Tag Archives: Attack of the Swordfish

Dioramas of Singapore Tales

As part of our unit study on Singapore tales based on the book Attack of the Swordfish and Other Singapore Tales (text by Charlotte Lim; illustrations by Alicia Tan Yen Ping; published by National Heritage Board), my kids made dioramas of their favorite tales.

Of the 6 tales in the book, my 5-year-old son picked Attack of the Swordfish, a story about how a young boy’s cleverness helped to save his seaside village from attacking swordfish and how this same cleverness led to tragedy.  In his diorama, he depicted the scene where the swordfish came to the coast and attacked the villagers (he loves fight scenes).

My 10-year-old daughter picked Sisters’ Islands, a story about two sisters who, not wanting to be separated when a tribe chief forcibly claims one of them to be his bride, chose to drown together in the sea.  Two small islands formed where the sisters had drowned.  In my daughter’s diorama, she depicted the scene where the tribe chief comes on a boat to the village where the sisters and their uncle lived.

My kids started out by painting the sea, the shore and the mountain backdrop and glueing the cotton clouds on their shoe boxes.

Diorama materials

Then, using cardboard and craft match sticks, they made kampong houses.  Finally, for the last and their favorite part, using clay, pipe cleaners and craft match sticks, they made people, trees, swordfish and a boat.

It was my kids’ first time to make dioramas and we all enjoyed it.  Making dioramas is a fun art project and a good way to reinforce learning about other people’s lives and stories 🙂

Attack of the Swordfish diorama

Sisters' Islands diorama

Attack of the Swordfish, Drum Circle and Other Fun Stuff @ HeritageFest Singapore

The kids and I had a great time at the finale of this year’s Heritage Fest celebrations. We first went to the Singapore Art Museum for the Festival Finale’s Children’s Programs.

Drum Circle by One HeartBeat

From 2-3pm, the kids and I happily joined about 20-30 other kids and adults at the drum circle participation performance conducted by One HeartBeat Percussion Band.  Anyone could grab a seat in the circle, pick an instrument and start playing along to the beat.  My kids each picked a djembe while I was playing a shaker.  Mr Syed Ibrahim made it fun by making us play alternately by “sections,” e.g. kids only, adults only, boys only, girls only, etc.  He even invited some other performers who were part of the Heritage Fest Festival program to join the drum circle.  Some Bhangra performers, stilt walkers and drummers joined in the music.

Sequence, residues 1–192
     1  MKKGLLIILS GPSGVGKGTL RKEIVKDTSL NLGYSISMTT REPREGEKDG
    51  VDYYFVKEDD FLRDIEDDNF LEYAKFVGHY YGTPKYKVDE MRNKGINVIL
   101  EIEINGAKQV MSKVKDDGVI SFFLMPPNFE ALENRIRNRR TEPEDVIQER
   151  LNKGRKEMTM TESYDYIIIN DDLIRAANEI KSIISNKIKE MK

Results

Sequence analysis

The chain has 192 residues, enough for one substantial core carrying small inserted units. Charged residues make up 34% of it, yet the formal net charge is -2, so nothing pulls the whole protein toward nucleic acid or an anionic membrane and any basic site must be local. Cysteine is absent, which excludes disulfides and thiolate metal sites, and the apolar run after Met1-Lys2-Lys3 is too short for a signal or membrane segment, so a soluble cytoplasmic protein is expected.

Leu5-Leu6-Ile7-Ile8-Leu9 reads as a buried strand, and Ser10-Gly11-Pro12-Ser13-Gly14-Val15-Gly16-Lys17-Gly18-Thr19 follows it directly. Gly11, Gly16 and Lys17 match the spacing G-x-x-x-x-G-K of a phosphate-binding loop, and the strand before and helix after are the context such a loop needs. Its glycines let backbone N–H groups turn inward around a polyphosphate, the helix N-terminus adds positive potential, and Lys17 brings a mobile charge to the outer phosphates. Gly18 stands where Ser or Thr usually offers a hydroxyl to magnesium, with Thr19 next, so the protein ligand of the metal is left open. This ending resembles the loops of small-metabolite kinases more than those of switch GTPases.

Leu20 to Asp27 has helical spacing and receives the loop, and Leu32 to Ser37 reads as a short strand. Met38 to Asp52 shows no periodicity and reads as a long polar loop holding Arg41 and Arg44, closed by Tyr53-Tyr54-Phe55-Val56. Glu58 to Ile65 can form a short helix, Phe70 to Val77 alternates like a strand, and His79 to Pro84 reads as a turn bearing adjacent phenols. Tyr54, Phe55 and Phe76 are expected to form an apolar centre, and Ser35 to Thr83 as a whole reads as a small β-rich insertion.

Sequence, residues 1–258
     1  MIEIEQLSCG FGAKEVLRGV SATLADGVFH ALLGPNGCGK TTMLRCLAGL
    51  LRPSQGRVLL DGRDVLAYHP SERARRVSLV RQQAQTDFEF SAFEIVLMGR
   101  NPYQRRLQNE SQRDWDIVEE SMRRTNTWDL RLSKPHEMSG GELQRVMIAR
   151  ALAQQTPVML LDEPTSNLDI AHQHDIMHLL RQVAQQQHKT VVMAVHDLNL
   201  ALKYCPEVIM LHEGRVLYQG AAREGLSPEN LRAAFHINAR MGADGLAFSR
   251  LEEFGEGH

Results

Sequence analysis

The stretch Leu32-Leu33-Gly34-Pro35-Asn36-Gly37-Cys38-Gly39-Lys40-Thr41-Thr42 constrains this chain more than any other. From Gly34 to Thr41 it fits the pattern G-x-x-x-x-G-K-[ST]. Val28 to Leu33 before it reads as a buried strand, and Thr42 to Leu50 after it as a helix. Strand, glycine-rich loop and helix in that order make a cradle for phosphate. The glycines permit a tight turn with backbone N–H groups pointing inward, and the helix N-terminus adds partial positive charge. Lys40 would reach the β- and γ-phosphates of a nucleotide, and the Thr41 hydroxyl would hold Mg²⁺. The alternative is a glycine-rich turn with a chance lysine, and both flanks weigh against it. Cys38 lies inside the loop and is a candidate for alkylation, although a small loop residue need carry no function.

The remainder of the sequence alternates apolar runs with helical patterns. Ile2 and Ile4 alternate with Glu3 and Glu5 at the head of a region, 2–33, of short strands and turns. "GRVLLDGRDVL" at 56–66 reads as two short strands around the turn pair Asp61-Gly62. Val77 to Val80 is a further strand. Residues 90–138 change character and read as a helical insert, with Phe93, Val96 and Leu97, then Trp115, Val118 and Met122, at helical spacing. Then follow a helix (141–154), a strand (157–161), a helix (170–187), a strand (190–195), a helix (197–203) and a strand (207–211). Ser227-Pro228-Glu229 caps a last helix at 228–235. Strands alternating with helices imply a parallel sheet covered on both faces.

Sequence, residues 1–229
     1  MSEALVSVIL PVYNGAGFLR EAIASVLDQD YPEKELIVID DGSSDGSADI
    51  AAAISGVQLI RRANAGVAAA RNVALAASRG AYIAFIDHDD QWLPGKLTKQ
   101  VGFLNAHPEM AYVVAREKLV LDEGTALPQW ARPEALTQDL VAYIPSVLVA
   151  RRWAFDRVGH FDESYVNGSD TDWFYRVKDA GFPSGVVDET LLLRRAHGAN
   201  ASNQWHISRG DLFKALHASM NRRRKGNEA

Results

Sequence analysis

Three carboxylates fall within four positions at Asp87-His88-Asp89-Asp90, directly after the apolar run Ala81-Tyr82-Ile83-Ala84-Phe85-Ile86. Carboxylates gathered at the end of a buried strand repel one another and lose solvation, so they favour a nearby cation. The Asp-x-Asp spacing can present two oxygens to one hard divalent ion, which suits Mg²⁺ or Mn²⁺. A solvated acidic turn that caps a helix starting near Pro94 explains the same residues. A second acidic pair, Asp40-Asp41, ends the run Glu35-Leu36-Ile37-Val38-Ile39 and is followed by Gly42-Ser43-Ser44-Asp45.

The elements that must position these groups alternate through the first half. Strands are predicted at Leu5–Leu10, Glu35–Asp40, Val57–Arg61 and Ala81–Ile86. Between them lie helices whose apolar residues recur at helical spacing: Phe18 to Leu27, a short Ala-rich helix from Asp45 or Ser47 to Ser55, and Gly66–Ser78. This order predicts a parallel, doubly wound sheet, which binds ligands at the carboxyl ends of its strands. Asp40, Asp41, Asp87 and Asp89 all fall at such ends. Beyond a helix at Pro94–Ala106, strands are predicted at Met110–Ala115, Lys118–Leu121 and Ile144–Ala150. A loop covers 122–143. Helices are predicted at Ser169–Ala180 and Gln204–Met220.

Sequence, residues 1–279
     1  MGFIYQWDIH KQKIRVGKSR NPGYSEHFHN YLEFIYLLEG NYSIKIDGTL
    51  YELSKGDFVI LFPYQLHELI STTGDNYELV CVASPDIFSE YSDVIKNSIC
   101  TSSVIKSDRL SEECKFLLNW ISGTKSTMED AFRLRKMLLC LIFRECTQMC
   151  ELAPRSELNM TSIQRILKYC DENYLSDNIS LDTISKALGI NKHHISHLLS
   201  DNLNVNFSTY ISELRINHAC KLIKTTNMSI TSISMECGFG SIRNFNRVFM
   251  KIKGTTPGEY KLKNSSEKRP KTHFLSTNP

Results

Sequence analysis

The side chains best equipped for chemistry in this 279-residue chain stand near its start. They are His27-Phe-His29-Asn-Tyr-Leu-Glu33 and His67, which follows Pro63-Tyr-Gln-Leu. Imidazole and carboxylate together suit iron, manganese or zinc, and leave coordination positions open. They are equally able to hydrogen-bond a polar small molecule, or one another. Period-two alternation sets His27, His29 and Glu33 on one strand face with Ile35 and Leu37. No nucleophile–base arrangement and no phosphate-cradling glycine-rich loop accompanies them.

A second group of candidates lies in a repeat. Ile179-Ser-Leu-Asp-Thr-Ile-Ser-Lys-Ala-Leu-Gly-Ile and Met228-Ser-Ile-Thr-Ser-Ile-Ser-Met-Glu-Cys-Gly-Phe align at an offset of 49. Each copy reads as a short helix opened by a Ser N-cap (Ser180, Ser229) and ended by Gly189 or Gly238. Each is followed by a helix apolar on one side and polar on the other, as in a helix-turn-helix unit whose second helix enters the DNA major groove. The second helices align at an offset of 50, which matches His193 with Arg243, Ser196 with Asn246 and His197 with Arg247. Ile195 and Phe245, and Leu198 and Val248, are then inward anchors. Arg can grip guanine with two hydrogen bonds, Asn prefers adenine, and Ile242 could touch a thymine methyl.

Attack of the Swordfish by Act3 Theatrics

From 3:30-4pm, we had some good laughs while watching ACT 3 Theatrics‘ performance of the tale of Attack of the Swordfish.  We’ve been reading the story as part of our unit study on Singapore folk tales, and it was so much fun to see it as a funny and colorful stage performance.  The younger members of the audience, my 5-year-old son included, had so much fun interacting with the actors – warning the sleeping soldiers of the coming swordfishes, moving away while the swordfishes weaved in and out of the audience.  The “king” even consulted the audience about what he should do with his people’s swordfish problem and many of the kids eagerly voiced out their suggestions – “Kill the swordfish!” “Stop the fishermen!”  “Use banana leaves!”

Playing games with festival volunteers

After the drama performance and drum circle at the Singapore Art Museum, we walked over to the SMU campus green to see the food and arts and crafts booths.  We were met with some teenage festival volunteers who wanted to play some games with the kids.  They gave us balloons and played hopscotch and pick up sticks with the kids.  My son enjoyed playing games with them so much that he kept asking to go back and play with his new friends 🙂

While my son was in his 3rd round of pick up sticks, the caricature booth by Cartoon.sg caught my daughter’s eye.  She said she wanted her caricature done.  I figured that my son might complain later on if he didn’t have one, so, for $10 per person, they had their caricatures done in black and white.  The kids were having a bit of a hard time just sitting still for about 5-10 minutes while the cartoon artist was doing his job.  In the end, my daughter was happy with her portrait.  My son seemed curious and amused when he first saw his portrait, but soon after forgot about it and just wanted to play more games with the teenage volunteers roaming around the festival. Oh well.

Our caricature & artist from Cartoon.sg

It was soon time to go home.  We spent 4 hours at the Heritage Fest Finale.  There were a lot of things to do, see, hear, eat and enjoy.  Time well spent.  Lots of fun learning.  Looking forward to Heritage Fest Singapore 2011!

playing djembe

Playing djembe too

Bhangra performers

Stilt walkers

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